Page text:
The next is the letter Z of the runic script, the beginning letter of her family name, the name of her clan, of the family where she belonged. The Hungarians write their family names first because, by this, they give respect to their forebears and their families. At the same time, this also signals that the family is more important than the individual and they don’t push themselves forward selfishly.
The following sign is the letter NY of the runic script, the beginning sound of the deceased’s first name. There is no Christian name in the Judeo-Christian calendar which begins with NY, since the impoverished Latin alphabet has no sounds for 13 Magyar sounds, among them the NY sound. There was no Latin letter for NY when we were forced to use the Latin alphabet. So I turned to Csanád Szegedi’s book: A magyar eredetű keresztnevek teljes tára (The Complete Collection of Magyar First Names, Budapest 2002.), where I found 25 names beginning with the sound NY. Of course it is not certain that any of these was the name of our ancestor.
The lower left quadrant witnesses a sad happening. It describes how the lady with the Z. NY. monogram died. She was killed by two arrows. Under the arrows, the fourth runic sign is GY, the beginning sound of the name of the person or people who caused her death upon her.
The disk’s upper quadrant is a kind of obituary. As we have seen, the comb-like drawing means rain. On our disk it means that the people cried for the beloved person who died, „their tears ran like rain”. Following the tear expression, the drawings under the comb-like sign refer to the mourners, the bigger ones probably mean her children, the smaller ones her grandchildren.
On the lower right quarter of the disk there is a fire-place and the image of the fire can be seen, which means here that the deceased was cremated. On the right side, a Sun and Moon altar is standing, in front of it the Táltos and the family and members of the community say farewell to our ancient mother. The altar and the Sun, which rests upon the crescent Moon, shows us a picture of the departing soul waving back to us or blessing us with uplifted arms. A similar figure can be seen at the time of the full moon, also in the lower right quadrant of the Moon. So the disk contains four rovás letters, the other signs are part of the pictographic system of the Carpathian Basin. The goal of our ancestors was that, when anyone, at any time finds these grave goods they will be able to understand its message.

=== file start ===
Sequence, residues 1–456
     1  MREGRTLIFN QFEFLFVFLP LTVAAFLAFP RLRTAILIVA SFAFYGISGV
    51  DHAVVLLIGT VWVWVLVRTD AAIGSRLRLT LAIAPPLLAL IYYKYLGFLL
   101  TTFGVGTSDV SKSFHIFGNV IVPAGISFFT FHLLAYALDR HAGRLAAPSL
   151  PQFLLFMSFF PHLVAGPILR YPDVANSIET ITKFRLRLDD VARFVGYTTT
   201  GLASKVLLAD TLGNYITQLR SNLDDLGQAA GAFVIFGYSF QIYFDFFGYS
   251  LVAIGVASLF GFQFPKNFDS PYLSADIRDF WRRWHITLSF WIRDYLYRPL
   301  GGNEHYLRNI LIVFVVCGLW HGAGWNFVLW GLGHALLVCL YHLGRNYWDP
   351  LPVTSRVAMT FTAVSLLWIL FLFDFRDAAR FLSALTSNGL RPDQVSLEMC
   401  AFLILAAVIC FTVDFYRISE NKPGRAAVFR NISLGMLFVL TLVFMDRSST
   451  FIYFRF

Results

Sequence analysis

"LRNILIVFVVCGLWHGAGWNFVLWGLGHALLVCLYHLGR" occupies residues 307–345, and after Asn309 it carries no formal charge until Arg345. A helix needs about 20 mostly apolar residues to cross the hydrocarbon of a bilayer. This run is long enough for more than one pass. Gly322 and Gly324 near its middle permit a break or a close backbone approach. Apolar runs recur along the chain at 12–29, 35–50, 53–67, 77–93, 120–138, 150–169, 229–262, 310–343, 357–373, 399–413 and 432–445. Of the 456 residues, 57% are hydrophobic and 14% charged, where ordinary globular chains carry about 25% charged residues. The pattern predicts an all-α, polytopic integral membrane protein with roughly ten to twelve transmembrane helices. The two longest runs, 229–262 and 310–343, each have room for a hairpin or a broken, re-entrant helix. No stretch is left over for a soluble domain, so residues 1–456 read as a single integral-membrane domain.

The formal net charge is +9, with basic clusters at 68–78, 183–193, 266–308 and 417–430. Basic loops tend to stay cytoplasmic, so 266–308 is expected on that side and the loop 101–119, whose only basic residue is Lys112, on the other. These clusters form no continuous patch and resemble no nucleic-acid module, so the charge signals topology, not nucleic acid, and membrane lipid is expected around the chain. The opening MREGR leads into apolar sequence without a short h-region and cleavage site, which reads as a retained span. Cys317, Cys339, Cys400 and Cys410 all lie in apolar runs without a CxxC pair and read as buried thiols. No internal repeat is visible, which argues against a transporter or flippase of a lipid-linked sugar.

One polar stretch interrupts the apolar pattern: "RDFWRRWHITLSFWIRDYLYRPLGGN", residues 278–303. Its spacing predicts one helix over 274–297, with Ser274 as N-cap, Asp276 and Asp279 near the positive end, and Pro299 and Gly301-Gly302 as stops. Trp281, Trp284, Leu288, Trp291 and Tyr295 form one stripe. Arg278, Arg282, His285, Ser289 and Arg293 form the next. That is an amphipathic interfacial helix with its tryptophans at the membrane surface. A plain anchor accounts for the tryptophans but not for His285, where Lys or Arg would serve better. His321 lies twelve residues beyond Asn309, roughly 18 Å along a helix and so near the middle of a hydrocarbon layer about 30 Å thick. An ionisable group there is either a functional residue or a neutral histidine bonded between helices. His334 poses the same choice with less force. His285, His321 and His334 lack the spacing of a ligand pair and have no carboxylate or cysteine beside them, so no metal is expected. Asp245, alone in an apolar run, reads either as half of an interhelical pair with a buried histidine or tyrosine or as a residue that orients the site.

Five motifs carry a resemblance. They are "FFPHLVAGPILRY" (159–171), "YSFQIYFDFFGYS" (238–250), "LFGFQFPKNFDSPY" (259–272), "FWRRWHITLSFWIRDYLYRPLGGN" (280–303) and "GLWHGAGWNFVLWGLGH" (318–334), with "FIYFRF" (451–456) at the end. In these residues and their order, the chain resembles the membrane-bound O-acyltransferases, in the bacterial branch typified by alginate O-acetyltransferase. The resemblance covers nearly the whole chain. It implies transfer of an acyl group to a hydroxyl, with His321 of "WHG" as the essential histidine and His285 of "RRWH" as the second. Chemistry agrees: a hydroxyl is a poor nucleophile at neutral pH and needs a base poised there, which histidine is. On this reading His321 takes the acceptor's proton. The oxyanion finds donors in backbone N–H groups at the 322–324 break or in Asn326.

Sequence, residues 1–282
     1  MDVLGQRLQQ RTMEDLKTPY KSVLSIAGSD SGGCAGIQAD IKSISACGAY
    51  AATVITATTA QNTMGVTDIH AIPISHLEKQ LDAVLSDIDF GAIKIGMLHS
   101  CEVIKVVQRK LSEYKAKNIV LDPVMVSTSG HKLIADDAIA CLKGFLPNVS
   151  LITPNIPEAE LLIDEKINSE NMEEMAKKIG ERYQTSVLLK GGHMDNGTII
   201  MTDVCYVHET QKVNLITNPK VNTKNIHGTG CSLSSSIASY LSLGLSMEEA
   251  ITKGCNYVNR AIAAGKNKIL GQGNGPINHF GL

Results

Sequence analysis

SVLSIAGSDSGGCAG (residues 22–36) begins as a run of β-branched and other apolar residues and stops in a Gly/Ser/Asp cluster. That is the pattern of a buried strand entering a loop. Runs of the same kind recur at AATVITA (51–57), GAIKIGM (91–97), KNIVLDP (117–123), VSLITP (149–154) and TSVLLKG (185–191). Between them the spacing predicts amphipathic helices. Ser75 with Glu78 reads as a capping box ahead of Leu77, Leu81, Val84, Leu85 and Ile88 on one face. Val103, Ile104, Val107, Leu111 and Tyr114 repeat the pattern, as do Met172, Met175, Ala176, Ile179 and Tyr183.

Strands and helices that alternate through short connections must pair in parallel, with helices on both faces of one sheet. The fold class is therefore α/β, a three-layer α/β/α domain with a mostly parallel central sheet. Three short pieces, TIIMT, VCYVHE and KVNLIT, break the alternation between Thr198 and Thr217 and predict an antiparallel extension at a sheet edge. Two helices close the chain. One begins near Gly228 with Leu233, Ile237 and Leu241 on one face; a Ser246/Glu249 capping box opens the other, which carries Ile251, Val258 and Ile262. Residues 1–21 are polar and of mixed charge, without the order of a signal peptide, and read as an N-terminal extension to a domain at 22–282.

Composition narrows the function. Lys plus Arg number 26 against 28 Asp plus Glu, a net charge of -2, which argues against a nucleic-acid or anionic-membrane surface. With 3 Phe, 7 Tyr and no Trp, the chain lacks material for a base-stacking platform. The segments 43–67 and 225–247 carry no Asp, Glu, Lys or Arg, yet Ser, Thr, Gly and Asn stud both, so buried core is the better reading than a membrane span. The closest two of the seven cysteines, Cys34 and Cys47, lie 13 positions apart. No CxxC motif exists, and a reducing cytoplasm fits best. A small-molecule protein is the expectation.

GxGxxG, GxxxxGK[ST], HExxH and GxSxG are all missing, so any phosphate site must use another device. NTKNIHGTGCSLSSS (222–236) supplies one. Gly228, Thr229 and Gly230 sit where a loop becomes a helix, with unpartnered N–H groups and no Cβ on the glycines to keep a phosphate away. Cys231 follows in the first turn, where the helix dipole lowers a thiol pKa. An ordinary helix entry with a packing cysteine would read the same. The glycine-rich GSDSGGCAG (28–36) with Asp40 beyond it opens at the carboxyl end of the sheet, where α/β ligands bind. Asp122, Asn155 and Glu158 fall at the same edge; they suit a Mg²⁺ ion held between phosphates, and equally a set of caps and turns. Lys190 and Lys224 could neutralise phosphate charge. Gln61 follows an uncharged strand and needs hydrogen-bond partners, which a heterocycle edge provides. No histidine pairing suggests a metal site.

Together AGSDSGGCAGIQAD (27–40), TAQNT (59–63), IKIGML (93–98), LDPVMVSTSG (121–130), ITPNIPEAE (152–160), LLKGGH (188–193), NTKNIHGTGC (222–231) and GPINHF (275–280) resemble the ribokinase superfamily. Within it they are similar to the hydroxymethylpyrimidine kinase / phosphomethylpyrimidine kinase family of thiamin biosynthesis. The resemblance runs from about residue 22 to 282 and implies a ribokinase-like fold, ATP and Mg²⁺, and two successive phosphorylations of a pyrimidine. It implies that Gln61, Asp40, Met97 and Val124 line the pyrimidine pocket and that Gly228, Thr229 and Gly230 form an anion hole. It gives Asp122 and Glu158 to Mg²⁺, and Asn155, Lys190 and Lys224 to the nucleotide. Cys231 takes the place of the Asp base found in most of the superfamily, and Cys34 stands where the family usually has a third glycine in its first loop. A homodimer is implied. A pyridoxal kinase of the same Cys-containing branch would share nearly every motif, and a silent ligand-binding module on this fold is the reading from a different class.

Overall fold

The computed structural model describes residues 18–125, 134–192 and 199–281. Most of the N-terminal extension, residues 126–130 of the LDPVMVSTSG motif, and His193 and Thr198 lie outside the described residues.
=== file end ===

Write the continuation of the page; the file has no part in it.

On the other tablet with a drilled hole, they left a description for later generations, telling us how the deceased spent her life. The two little V signs are in the middle column and that is the beginning. There is picture of a plant and the head of a horse, so she spent her life in tending plants and mainly in horse-husbandry. On the upper part of the left side we find three arrows and the mixed outlines of several prone animals. From this one can deduce that, not only was she killed but her animals were also killed by arrows. We see in the lower left corner a letter T of the runic script or the head of a colt, divided with two lines. If this is a letter T, then it is the beginning letter of the name of a survivor. The storage pot beside her indicates a diligent, frugal person. The unbroken vessel and the little colt show that, even if it was late, help did come and at least these could be saved.